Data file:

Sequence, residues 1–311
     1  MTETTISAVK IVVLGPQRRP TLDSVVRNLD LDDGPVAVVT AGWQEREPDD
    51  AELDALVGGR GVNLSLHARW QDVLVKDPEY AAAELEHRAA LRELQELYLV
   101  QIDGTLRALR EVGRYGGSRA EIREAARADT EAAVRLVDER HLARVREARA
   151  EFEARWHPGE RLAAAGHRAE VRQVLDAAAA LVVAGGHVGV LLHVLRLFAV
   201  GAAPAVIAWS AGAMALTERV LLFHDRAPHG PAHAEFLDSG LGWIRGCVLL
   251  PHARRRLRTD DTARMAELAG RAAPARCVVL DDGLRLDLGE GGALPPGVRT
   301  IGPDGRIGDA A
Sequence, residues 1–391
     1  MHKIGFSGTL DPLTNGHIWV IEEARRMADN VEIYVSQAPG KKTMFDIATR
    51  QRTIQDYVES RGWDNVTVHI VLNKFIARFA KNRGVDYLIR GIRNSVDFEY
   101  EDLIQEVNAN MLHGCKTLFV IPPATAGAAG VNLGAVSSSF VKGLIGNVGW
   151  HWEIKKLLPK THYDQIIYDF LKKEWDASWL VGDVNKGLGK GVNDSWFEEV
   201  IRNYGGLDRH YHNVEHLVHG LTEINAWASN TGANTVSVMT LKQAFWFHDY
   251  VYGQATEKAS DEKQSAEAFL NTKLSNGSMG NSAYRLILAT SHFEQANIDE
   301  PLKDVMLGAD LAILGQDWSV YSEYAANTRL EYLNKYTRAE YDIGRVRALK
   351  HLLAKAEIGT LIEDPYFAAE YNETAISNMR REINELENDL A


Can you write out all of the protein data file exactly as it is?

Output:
Sequence, residues 1–311
     1  MTETTISAVK IVVLGPQRRP TLDSVVRNLD LDDGPVAVVT AGWQEREPDD
    51  AELDALVGGR GVNLSLHARW QDVLVKDPEY AAAELEHRAA LRELQELYLV
   101  QIDGTLRALR EVGRYGGSRA EIREAARADT EAAVRLVDER HLARVREARA
   151  EFEARWHPGE RLAAAGHRAE VRQVLDAAAA LVVAGGHVGV LLHVLRLFAV
   201  GAAPAVIAWS AGAMALTERV LLFHDRAPHG PAHAEFLDSG LGWIRGCVLL
   251  PHARRRLRTD DTARMAELAG RAAPARCVVL DDGLRLDLGE GGALPPGVRT
   301  IGPDGRIGDA A
Sequence, residues 1–391
     1  MHKIGFSGTL DPLTNGHIWV IEEARRMADN VEIYVSQAPG KKTMFDIATR
    51  QRTIQDYVES RGWDNVTVHI VLNKFIARFA KNRGVDYLIR GIRNSVDFEY
   101  EDLIQEVNAN MLHGCKTLFV IPPATAGAAG VNLGAVSSSF VKGLIGNVGW
   151  HWEIKKLLPK THYDQIIYDF LKKEWDASWL VGDVNKGLGK GVNDSWFEEV
   201  IRNYGGLDRH YHNVEHLVHG LTEINAWASN TGANTVSVMT LKQAFWFHDY
   251  VYGQATEKAS DEKQSAEAFL NTKLSNGSMG NSAYRLILAT SHFEQANIDE
   301  PLKDVMLGAD LAILGQDWSV YSEYAANTRL EYLNKYTRAE YDIGRVRALK
   351  HLLAKAEIGT LIEDPYFAAE YNETAISNMR REINELENDL A